Capitalism only represents the interests of the bourgeois as seen in Indonesia’s policy making. They revoke concessionaires when efforts are made to preserve land as protected forest rather than convert it into a plantation (Reuters, 2015). According to Communism however, economic control should be centralized, all rights of inheritance should be abolished and the state should control factories and methods of production so that the people in general are treated better and more fairly and externalities are taken into consideration. 

But then again we shouldn’t entirely dismiss capitalism because it does have benefits in driving development for society. Also most capitalistic systems today ARE regulated and include elements such as government intervention and social welfare. Even America, despite its claims to practicing free trade, has a lot of market regulations. 

While the downfalls of Capitalism make it unsustainable when capitalism operates on a linear model, depleting finite reserves and not taking externalities into consideration, introducing the concept of a circular economy could radically change it for the better.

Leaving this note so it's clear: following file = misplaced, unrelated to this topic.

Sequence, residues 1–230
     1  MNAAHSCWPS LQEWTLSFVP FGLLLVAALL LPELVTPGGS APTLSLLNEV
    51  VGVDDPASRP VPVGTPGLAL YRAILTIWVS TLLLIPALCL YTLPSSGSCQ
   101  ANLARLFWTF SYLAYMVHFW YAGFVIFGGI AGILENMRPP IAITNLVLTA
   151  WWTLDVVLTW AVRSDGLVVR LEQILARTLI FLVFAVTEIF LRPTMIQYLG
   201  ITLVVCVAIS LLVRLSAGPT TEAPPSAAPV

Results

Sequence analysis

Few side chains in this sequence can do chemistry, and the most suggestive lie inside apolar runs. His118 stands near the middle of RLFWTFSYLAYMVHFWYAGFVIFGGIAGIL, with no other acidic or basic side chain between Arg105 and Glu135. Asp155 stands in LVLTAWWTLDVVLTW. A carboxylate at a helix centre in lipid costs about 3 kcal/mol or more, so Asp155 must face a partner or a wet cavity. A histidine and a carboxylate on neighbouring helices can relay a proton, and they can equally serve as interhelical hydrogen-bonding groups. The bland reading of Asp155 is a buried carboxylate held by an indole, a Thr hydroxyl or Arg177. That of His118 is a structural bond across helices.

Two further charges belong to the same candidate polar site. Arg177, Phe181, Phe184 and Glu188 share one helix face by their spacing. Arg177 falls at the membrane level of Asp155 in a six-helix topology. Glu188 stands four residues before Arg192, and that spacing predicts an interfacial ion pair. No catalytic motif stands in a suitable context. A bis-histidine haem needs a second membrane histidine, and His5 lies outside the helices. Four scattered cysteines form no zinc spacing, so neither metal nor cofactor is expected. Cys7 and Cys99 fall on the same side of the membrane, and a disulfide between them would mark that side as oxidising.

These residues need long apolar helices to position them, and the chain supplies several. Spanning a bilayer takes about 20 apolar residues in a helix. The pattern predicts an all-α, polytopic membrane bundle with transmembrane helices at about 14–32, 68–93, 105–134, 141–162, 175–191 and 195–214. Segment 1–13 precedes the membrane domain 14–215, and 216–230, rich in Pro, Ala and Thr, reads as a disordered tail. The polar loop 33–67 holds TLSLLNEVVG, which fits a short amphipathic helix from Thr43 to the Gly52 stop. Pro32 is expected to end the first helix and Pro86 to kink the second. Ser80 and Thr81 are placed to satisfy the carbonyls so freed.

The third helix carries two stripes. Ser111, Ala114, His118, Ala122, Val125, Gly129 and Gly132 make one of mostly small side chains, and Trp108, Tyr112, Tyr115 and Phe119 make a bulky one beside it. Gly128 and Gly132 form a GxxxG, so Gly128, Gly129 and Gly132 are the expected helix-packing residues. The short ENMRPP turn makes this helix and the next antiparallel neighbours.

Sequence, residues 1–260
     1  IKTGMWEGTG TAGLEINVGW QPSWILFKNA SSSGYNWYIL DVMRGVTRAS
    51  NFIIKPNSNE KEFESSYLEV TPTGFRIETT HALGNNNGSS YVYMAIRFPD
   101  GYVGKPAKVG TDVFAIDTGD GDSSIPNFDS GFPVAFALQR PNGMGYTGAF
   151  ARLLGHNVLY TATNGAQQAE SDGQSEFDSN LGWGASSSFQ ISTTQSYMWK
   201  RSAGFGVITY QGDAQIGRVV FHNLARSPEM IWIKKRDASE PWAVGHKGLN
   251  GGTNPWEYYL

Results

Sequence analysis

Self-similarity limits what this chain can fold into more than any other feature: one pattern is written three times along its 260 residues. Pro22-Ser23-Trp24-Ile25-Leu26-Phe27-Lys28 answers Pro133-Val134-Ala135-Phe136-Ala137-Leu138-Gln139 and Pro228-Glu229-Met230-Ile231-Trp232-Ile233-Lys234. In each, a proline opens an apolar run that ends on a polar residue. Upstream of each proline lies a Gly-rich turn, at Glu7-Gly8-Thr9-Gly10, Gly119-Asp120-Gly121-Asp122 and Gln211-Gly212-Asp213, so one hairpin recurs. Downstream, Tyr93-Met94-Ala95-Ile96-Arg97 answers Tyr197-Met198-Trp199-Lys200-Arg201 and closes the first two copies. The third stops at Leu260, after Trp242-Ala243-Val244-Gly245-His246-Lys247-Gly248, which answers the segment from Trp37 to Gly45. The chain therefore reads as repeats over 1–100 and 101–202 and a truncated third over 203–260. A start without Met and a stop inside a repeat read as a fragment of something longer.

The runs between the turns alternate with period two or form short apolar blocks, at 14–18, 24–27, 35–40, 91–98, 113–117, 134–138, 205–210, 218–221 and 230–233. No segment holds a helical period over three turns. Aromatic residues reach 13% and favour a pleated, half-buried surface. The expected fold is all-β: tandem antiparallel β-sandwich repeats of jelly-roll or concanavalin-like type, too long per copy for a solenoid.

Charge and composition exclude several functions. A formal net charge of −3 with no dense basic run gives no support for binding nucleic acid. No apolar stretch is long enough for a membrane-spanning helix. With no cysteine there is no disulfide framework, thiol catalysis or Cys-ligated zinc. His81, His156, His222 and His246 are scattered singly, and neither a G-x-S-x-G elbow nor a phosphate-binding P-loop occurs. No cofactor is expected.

The concept is based on approaches such as Industrial Ecology and Cradle to Cradle which would aid in solving the problem of externalities in Capitalism. The Industrial Ecology approach aims to have industrial economies mimic the natural ecosystem which is cyclical in the passage of materials and energy (Erkman, 1997). The cradle-to-cradle concept is also based on the principles of the natural ecosystem and targets zero waste and externalities during production of goods (McDonough and Braungart, 2002). These approaches are now more feasible with improvements in technology and the awareness people now have of sustainable practices and of the magnitude of the environmental pollution caused by industrial practices. No system should be discarded because it is imperfect. 

In summary, the Communist Manifesto lays out the ideas behind the communist movement and Marx’s criticism of Capitalism is still applicable 167 years after the book was published. His ideas however should be balanced out more objectively and he should acknowledge the upsides to Capitalism as well to present a stronger argument for capitalism. 

 Written by Lhavanya Dharmalingam